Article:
These magical creatures come in many varieties. Some legends say they are good and helpful and that meeting one is a good omen. Some say they are evil and dangerous monsters. Basically, just like all other dragons.

They have no wings and only two legs.

drawing of a forest nymph

Skogsrå

Rå is an old word meaning “keeper” or “warden”. They are like spirit creatures that rule lakes, rivers, mountains, forests etc. Just like nature itself, they are neither good nor evil – but very powerful and follow only their own laws.

This is the forest rå, so obviously she rules the woods. She shows herself as a beautiful woman, but her back is like a hollow tree. She seduces men and put them under her spell or make people get lost in the woods. But she can also bring forward animals for hunters to shoot or help people who got lost on their own find their way home.

This queen of the forest is one of my personal favourite beings. 😊

Drawing of a lady in front of a mountain

Bergsrå/gruvrå

The mountain rå lives inside the mountain and is usually depicted as a woman in white.

The mine rå is like a mountain rå dedicated especially to a mine. She is often called Gruvfrun, the Lady of the Mine. The miners would sacrifice food and items to the Lady hoping she would protect them. She could warn them if some accident was about to happen or lead them outside if they lose their way. But if the miners were disrespectful or angered her she might instead bring down the mountain on their heads, killing them or trapping them in the dark. Or she could confuse their minds so they get lost and never find their way out.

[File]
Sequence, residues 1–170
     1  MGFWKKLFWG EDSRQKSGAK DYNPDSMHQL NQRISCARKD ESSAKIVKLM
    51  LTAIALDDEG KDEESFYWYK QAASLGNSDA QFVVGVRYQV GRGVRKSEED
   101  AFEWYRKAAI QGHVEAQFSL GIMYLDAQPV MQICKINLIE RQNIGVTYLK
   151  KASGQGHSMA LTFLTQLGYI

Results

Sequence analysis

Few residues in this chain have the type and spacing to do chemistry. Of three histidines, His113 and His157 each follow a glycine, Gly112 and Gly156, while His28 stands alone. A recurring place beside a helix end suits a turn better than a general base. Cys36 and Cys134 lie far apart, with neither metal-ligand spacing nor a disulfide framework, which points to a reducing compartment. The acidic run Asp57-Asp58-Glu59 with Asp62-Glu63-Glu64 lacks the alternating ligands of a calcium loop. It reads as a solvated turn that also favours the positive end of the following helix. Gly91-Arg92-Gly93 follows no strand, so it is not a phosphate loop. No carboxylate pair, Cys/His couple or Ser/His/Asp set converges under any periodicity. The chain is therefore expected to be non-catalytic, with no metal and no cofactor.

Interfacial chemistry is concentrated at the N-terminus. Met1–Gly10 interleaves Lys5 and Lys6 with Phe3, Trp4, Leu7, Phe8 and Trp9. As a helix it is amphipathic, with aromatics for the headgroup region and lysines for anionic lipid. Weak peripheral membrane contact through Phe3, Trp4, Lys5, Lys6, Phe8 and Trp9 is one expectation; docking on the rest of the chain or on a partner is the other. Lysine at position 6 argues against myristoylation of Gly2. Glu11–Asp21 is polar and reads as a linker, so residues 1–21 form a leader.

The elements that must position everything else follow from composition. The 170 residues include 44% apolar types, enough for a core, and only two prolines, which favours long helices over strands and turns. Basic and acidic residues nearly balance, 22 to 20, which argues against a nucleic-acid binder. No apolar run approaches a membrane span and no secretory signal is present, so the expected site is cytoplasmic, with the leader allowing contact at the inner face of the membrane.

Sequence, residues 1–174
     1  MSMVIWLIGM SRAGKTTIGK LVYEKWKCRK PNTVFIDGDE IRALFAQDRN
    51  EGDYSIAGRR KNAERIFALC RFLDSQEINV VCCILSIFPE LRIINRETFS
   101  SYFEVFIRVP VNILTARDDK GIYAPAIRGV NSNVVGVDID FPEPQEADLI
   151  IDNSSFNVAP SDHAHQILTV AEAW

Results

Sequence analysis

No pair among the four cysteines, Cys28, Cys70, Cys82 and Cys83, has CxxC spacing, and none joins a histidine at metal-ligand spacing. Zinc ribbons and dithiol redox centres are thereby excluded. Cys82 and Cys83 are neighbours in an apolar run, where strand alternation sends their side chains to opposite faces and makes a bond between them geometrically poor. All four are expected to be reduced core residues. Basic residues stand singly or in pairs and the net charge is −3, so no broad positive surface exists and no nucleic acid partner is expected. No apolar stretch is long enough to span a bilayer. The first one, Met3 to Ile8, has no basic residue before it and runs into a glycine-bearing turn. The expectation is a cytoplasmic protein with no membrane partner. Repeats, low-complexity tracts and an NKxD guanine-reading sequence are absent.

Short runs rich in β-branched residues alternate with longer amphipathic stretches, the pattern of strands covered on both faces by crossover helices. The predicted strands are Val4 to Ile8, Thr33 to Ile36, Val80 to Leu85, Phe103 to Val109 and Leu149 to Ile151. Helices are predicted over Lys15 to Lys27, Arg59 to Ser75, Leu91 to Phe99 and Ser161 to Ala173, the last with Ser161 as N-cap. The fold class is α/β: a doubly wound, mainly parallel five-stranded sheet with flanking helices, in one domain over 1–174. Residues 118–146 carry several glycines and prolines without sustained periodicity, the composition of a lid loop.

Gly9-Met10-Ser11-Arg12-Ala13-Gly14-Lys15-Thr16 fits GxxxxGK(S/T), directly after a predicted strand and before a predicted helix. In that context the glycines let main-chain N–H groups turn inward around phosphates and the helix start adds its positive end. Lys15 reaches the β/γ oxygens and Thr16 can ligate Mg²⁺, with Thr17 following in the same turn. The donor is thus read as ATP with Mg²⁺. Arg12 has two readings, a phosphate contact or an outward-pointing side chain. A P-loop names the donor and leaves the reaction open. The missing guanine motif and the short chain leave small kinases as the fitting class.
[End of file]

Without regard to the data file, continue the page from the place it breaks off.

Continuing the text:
A drawing of a ghost child

Myling

A myling is the ghost of a small child who was killed by its mother and hidden. Must’ve happened a lot if a word was invented for it… 😬 If you happen to pass by where their bodies were buried you can hear them cry and sometimes call for help.

drawing of Storsjöodjuret, a water serpent similar to the Loch Ness Monster

Storsjöodjuret

Did you know Sweden has its very own Loch Ness monster? It lives in the big lake Storsjön and has been spotted for hundreds of years. It’s described to be snake-like and over 10 metres long.

In retrospect

It was so nice having a theme! Just drawing whatever worked, but I often found myself using more time and energy trying to figure out what to draw than actually drawing. Having a set theme is such a time-saver! And blank pages are intimidating and I don’t like being stuck staring at them for longer than necessary. 😆

I was also glad to see the end of that book. It looks pretty, but every single year I’ve complained about the paper being too grainy, too yellow, and too soft so the ink bleeds all over it. Now the book is full and I can, with good conscience, pick something else to draw in for the next Inktober.
It feels very good to have a completed sketchbook though. It wasn’t optimal, but it’s finished.

For next year I’ll need to find something else to draw in and a new theme. I’m looking forward to both. 😊

Did anyone else do Inktober? Or NaNoWriMo for that matter?